Quality Child Care Leads to Smarter Teens
Study Also Links High-Quality Child Care With Fewer Behavioral Problems in Teens
May 14, 2010 -- The effects of early child care may be more long-lasting than commonly believed, according to a new study.
At age 15, teens who had high-quality child care in their early years performed better on academic and cognitive tests than did other teens, and they had fewer adolescent behavior problems, says study leader Deborah Lowe Vandell, PhD, professor and chair of education at the University of California, Irvine.
''We think a lot of people expect the effects of early child care would fade away by age 15," Vandell tells WebMD. "We found they didn't. Children who were in early high-quality child care did better academically and cognitively at age 15, compared to other children in the study."
Teens with a quality child care background also had fewer problem behaviors, such as breaking rules, hanging out with kids who get into trouble, and arguing, the researchers found.
The study is published in the journal Child Development.
Effects of Child Care: Study Details
The new findings add to previous research on the same group of about 1,300 children, born in 10 cities across the U.S. in 1991 and followed up over the years. The study is the National Institute of Child Health and Development’s Study of Early Child Care and Youth Development.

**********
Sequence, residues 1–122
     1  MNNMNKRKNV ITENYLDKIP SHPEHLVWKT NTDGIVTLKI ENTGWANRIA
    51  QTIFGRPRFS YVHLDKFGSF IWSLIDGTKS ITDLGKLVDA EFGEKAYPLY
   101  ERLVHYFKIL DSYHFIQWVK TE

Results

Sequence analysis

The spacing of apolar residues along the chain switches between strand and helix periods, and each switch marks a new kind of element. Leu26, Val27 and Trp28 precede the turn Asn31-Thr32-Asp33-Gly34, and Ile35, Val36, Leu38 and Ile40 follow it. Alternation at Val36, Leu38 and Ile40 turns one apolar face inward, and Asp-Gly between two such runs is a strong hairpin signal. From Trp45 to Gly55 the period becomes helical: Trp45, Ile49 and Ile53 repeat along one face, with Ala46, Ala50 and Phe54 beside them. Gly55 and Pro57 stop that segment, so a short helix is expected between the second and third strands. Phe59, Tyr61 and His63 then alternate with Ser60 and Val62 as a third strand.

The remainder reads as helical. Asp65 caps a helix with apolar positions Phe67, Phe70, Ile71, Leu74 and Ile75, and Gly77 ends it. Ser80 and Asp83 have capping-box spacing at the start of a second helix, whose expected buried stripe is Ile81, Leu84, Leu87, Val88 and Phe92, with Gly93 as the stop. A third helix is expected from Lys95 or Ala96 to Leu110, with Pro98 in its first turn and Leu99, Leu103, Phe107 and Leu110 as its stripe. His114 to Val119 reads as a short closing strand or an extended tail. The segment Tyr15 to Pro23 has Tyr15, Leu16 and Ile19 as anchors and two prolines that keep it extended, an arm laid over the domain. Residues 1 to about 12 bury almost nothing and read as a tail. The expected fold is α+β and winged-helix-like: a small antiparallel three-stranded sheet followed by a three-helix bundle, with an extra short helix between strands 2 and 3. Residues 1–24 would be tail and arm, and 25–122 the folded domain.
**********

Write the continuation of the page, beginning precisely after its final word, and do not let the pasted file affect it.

In previous reports, Vandell and her colleagues found that children who had early, high-quality child care did better academically and cognitively at grade 5.
"What we also found in previous reports is that children who attended child care for more hours displayed more acting out in early childhood."
The researchers rated the quality of a child care program by observing, noting the caregivers' behavior with the children, and evaluating how sensitive and responsive they were to the child's needs, among other measures.
Vandell and her team then collected the results of standardized school tests measuring achievement and cognition and collected information from the teens, their families, and school personnel.
At the age 15 follow-up, results were obtained for 70% of the original participants.
The backgrounds of the children were diverse, including middle class and low income, two-parent families, and single-parent families.
In the study, Vandell says, "90% had some type of child care experience. It could be preschool, nursery school, child care in the home, home care by babysitters, or nannies. The hours varied, from seven to about 60 [weekly]."
Only 41% had child care classified as high or moderately high quality.